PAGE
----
septastation

New discounted SEPTA passes for Penn students may soon become a reality.

Photo: Zach Sheldon / The Daily Pennsylvanian

Discounted passes for college students taking SEPTA may soon become a reality, if local universities can agree to make it happen.

The SEPTA Youth Advisory Council has long advocated for an alternative to the traditional pass, targeting students who live on campus and are looking to explore the city. A Change.org petition they filed in support of that proposal, which would lower the price of the pass by 50-75 percent, garnered over 1,200 signatures last year.

“Whereas other pass programs and the current pass program in Philadelphia are geared towards getting people from homes to campus, this program will be geared towards people who are living on campus in Philly… and helping them get beyond the Penn bubble,” said Jeff Kessler, the SEPTA Youth Advisory Council executive chairman and a graduate student in both the Engineering and Law Schools.

Kessler said SEPTA is looking to implement this new program by the next school year, but they need cooperation from the local universities in order for that to happen. This can be a long process, he said, due to the fact that universities tend to set their budgets years in advance.

“As it stands, we are currently in a place where SEPTA is working towards having this launch in a pilot capacity for the 2017-2018 school year,” he said. “At this point, though, the biggest thing that we’ve heard from SEPTA regarding this is they are putting this out there for schools who wish to participate in the pilot. It then becomes a question of which schools want to participate.”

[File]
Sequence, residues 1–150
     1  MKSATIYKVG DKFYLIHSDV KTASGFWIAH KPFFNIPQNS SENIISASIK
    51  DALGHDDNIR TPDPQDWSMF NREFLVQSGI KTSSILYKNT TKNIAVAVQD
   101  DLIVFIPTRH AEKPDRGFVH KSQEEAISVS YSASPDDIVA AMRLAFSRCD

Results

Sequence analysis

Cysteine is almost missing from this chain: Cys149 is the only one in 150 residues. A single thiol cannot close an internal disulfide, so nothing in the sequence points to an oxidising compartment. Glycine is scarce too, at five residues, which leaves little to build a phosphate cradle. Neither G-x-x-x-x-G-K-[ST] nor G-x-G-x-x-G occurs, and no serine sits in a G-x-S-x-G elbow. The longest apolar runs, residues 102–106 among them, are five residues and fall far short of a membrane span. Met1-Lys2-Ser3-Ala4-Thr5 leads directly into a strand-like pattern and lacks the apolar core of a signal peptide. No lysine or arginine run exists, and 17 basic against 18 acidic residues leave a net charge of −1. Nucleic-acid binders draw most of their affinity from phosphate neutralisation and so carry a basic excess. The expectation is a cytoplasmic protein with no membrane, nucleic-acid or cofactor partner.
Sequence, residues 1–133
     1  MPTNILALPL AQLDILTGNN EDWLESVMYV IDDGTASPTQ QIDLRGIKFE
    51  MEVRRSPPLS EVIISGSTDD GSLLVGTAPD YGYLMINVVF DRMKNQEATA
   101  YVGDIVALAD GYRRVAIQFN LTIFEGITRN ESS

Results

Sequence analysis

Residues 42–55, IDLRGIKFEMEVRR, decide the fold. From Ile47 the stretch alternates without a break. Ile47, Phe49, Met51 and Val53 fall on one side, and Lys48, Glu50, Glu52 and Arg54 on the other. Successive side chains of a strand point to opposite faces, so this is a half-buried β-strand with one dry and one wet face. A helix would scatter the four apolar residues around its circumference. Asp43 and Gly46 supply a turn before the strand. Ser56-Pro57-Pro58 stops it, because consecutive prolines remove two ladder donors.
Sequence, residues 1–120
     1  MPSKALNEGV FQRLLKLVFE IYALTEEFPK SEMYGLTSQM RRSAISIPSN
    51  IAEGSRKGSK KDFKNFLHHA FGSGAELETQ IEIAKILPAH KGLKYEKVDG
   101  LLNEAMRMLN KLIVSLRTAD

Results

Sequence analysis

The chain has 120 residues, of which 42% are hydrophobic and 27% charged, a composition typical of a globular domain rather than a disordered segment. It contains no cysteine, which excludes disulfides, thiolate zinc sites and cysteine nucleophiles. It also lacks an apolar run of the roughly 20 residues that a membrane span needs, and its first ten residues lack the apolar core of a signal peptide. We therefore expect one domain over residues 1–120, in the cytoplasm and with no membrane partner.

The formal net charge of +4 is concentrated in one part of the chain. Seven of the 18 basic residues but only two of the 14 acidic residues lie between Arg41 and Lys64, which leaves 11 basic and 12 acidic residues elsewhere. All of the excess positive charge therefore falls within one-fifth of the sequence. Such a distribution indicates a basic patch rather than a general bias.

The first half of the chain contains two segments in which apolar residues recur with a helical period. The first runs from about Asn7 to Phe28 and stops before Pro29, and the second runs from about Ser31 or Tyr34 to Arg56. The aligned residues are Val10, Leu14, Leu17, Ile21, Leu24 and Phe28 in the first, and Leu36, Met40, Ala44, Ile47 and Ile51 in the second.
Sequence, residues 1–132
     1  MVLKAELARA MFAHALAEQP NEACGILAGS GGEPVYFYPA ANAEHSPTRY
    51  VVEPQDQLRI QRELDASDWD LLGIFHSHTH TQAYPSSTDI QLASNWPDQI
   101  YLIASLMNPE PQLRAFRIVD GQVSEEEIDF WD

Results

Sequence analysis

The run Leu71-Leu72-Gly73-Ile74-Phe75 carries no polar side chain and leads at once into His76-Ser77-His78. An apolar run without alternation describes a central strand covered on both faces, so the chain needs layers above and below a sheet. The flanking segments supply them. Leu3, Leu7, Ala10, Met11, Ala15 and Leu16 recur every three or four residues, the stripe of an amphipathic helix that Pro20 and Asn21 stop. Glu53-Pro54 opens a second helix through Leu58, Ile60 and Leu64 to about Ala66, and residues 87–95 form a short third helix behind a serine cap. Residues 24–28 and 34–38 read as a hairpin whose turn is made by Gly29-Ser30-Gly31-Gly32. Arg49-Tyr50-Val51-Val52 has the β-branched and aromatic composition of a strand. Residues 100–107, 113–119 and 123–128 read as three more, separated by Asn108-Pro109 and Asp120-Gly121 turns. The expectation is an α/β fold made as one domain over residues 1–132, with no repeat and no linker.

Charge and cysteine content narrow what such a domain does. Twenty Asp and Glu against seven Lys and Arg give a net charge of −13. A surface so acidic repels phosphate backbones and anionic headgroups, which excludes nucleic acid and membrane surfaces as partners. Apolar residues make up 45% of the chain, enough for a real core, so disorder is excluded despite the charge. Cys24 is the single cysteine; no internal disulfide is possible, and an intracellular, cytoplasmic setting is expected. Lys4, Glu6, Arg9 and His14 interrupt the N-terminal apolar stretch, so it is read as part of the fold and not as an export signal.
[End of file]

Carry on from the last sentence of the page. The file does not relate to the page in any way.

Currently, Penn students are offered PennPass, which acts a semester-long pass for “specific service zones for semester-long discounted travel on SEPTA,” according to the Penn Transit website. Although discounted, the pass still is not cheap, with the least expensive option running at $327.60.

“There are some problems with the current pass,” Kessler said. “Notably it is a semester-long pass, which means that under the current fair structure and fair mediums in place, if you lose the pass you are out the entirety of its value.”

In an statement, SEPTA Public Information Manager Andrew Busch also noted the necessity of cooperation from local universities.

“As we have noted to the Y.A.C. in these discussions, a change such as this would first require the adoption of a related fee agreement and structure by a college or university (or colleges/universities, if multiple institutions were to be interested). If such an agreement were in place, SEPTA could work on phasing in this type of program,” he wrote.

SEPTA intends to use the 2017-18 school year as a sort of trial period for the program, an idea that Kessler believes school administrators will be more on board with.

“This one-year pilot really provides for the opportunity for SEPTA to solidify details for a long term program, as well for Penn to solidify details of any contract they establish with SEPTA moving forward,” he explained. “One of the big concerns we’ve heard from people is that there might not be the demand and usage there.”

Kessler, however, is not concerned about the level of demand for this type of pass.

“This seems like something that will sustain itself long term,” he added.

The Youth Advisory Council has begun reaching out to students and student organizations as a way of demonstrating to the universities that students are interested in the pass.

“People who are interested in seeing this come to fruition should definitely tell their school administrators that they would like to participate in the pilot,” he said.

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